moved to a spot at the mouth of Cutter Creek where they lived until
Here Mr. Beverly became Postmaster of the settlement, and it was called
the Freeling Post Office. He called his home "Bonnywicket", where among
the hemlocks and rhododendrons, he spent his last days.
The only time
deserted the farm was in 1907, when he moved to Clintwood to edit and
the local newspaper. Three months later he moved back to his rustic
leaving the burdensome chores of running a newspaper to his sons.
His wife was a
of "Holly Creek" John Mullins, the first settler of Clintwood. Their
were: Claude F. and Walter Egbert Beverly; Mrs. Cora Carrico; Mrs.
Blye Todd-Davis; Mrs. Augusta Agee. Edgar R. Beverly, a teacher, Cedric
Sylvester Beverly, and Fitzhugh Sewell Beverly.
Walter E. Beverly was a printer at
Mount, Virginia and Fitzhugh S. Beverly was publisher and editor of the
Dickenson County Herald for some years, and continued in the printing
for the rest of his life.
wrote poetry, short stories, sketches, essays, news items, and letters;
no one will ever know how many. They appeared in magazines and
many were placed in scrapbooks, some were lost or destroyed. It is
that not more than half his poems, and even less of other materials are
in the family collection.
In 1926, Bruce
of the Coalfield Progress visited "Bonnywicket" and readily understood
Mr. Beverly's ability to report news items so well, since patrons of
tiny post office arrived continually with odd and exciting stories.
of all Mr. Beverly resented some of the editor's revisions. One day he
said to a friend: "They evidently think we are deformed cranks and
I sent them a germ of that story and look what they made of it! A bias
and unfounded reflection on our whole people!"
He had no
His verse was the gift of God. He wrote more than 500 poems that were
here and there - Courier Journal, Richmond Times Dispatch, Roanoke
Richmond News Leader, The Sunny South Progress, and many others. He
dozens of letters from editors and appreciative
At the age of
Frank Monroe Beverly expressed his desire to publish a book, but the
of a writer is no easy one. It was eleven years before his ambition was
fulfilled. He was aided, advised, and encouraged by his staunch friend,
Elihu Jasper Sutherland. At the outset Mr. Beverly had difficulty in
a borrower to return some of his scrapbooks. More than a hundred of his
poems were copied. Local papers carried advertisements.
and delays the books finally arrived from the Shenandoah Publishing
at Strausburg, Virginia. They reached the Fremont Railroad Station on
16, 1928, and on the following day, Mr. E. J. Sutherland placed 50
in his Ford car and drove over to "Bonnywicket." When he laid the first
copy into the unsteady hands of the ailing poet he slowly examined the
new covers and gold inscription. Lovingly he opened it. His hands no
shook. His face was radiant and his failing eyes shone with new
Tears filled them as he extended his feeble hand and said softly, "This
is my day. I am happy!"
So great was
Beverly's love for books that he had accumulated 5,000 volumes in his
As his end approached he requested that some of the surplus books be
to area colleges and libraries. Some were sent to the State Library in
Richmond. He died on July 1, 1929 at "Bonnywicket." Notices of his
eventually reached the desks of editors near and far, who responded
beautiful tributes to the deceased Beverly. Wrote the editor of The
Times Dispatch: "In his death Southwest Virginia has lost one of its
interesting and picturesque figures."
So, with the
of a mountain poet, his "Echoes of the Cumberlands" survived to be
and appreciated by others.
Herbert Maynor Sutherland
a son of George and Rosina Skeen Sutherland, was born near Nora in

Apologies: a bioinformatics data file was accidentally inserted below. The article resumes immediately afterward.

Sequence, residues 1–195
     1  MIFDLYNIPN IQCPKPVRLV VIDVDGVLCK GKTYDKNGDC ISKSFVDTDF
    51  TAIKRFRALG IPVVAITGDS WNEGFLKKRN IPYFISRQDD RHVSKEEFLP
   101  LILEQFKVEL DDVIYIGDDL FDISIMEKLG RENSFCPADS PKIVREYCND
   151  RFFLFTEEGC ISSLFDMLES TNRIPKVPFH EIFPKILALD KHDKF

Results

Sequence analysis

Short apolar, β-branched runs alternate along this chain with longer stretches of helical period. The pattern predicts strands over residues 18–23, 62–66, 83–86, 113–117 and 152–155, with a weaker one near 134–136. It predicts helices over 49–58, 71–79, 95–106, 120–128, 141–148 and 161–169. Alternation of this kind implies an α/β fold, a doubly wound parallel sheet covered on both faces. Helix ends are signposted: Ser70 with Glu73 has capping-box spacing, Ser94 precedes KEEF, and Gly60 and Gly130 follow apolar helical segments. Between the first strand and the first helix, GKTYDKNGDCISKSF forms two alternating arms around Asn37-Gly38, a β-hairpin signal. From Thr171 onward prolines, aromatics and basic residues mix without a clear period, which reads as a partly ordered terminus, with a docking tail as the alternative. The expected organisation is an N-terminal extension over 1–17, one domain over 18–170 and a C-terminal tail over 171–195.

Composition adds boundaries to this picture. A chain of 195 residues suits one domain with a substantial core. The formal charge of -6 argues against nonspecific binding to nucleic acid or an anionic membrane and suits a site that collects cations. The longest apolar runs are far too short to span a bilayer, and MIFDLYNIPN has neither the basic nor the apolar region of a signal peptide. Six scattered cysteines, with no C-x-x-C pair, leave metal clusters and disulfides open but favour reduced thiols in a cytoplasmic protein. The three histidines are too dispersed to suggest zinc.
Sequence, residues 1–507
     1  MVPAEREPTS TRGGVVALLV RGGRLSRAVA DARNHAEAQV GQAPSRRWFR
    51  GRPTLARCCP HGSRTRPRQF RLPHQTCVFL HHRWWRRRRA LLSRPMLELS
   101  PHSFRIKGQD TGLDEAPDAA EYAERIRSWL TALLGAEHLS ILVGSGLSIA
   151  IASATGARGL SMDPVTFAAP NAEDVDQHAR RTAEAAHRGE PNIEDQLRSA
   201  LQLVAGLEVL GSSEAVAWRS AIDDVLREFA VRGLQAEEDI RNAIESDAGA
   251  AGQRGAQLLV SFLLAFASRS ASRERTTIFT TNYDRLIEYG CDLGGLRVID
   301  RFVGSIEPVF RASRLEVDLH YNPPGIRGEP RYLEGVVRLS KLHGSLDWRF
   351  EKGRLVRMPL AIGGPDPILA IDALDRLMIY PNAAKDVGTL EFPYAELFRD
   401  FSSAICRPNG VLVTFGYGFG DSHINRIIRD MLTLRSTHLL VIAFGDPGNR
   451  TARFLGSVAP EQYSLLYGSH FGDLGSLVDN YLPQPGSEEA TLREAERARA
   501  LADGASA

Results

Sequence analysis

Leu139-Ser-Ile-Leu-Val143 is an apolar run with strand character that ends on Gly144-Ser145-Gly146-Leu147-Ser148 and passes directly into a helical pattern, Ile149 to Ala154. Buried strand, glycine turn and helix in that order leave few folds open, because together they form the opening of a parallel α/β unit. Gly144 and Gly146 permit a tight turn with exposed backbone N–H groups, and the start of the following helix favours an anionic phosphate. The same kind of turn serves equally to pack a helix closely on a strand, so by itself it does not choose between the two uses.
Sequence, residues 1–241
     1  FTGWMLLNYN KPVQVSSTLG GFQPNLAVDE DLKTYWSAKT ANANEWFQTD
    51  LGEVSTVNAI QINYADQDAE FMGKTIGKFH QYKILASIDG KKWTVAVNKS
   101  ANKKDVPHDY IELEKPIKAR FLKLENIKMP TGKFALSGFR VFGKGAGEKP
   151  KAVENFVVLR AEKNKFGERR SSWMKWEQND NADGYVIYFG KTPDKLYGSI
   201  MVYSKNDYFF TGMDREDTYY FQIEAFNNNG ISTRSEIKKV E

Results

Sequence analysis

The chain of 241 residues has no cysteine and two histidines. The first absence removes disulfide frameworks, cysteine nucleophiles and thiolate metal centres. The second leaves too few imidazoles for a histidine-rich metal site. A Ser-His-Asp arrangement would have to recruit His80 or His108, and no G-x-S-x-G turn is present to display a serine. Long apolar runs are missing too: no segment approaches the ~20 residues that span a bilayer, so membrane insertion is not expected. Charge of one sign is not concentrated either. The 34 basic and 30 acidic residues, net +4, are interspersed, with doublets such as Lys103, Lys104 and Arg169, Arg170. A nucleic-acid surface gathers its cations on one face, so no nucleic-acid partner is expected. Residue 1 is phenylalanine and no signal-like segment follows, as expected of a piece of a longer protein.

County, Virginia, in 1893. After attending the area public schools he
Concord College, a Prep school at Athens, West Virginia, and graduated
in and around lumber camps in that state, where he acquired the
In 1913 he
at the University of Richmond, and by his senior year he was
of the Richmond Collegiate. He graduated in 1917 with a bachelor of
Degree and was employed by the Richmond daily papers until he enlisted
in the U. S. Army in March, 1918. He served overseas during World War
principally in France, where he sustained wounds, and was honorably
in 1919. He was hospitalized at Walter Reed Hospital for a period of
in Washington, DC.
in the School of Journalism at Columbia University in New York, where
received the degree of Bachelor of Literature in 1921. Then he worked
the New York Globe and after it ceased publication he worked for the
In 1924 his
failed and he returned to Dickenson County to recuperate. There he
his time hunting, fishing and writing. In 1929 he entered a short story
contest sponsored by True Story Magazine and won first prize.
He was married
1930 to Miss Irene Draper, a teacher of Big Stone Gap. They are
by a daughter, Rose Ella Sutherland who is now a teacher at U. S. Army
base in Germany.
Mr. Sutherland became interested in local politics, and was elected for
four terms to the Virginia House of Delegates.
In 1939 he
the Dickenson County Weekly and named it The Dickensonian. He published
a column each week called "Tales of the Tall Timbers," which was read
enjoyed all over the country, and by the men in service all over the
during the 1940's and 1950's. This column included stories told to him
by friends and associates in the Appalachian area. His tall tales were
published (after his death in 1867) in a volume called "Tales from the
Devil's Apron." It was brought out in 1970 by the Commonwealth Press of
Radford, Virginia. In conclusion I shall quote one of his tall tales:
"Hit seems as
all the young'uns had come on time to school 'ceptin Bizziness Bill's
boy, Leetle Ike, and he come in 'bout two hours late...wall, Leetle Ike
he come in late long after books had done tuck up, an' Miss Samanthy
jumped on Leetle Ike a-wantin' to know how come he was so late a-
thar. Wall, hit's kinder like this, Teacher. Las' night we'uns had done
gone to bed. The chickens out at the hen-house started squawkin'. Fer
last week or so thar's been a pole cat er fox atter 'em, and they's
a-roostin' in that persimmon tree behindst the house.
outta bed in his onderwear, an' grabbed his ol' double barreled shot
and headed outta the house. I follered 'im out thar as quick as I could
git my britches on. Pap was a-standin' thar onder th' tree, lookin' up
to see ef'n he could locate th' varmint that was atter th' chickens,
hit wuz too dark t' see much.
Big Howdy, our ol' hound-dog, come out t'see whut th' ruckus was about.
He come up behindst Pap, an' stuck his col' nose 'ginst Pap's bar skin.
Pap he let out a yell, an' jumped 'bout six feet straight up in th'
an' he let off both barrels uv that thar shot gun at th' same time. Hit
rained chickens all over th' place, an' me and Ma've bin pickin'
of Southwest Virginia, published by The Historical Society of Southwest
Virignia, publication 13 - 1979, pages 14 to 19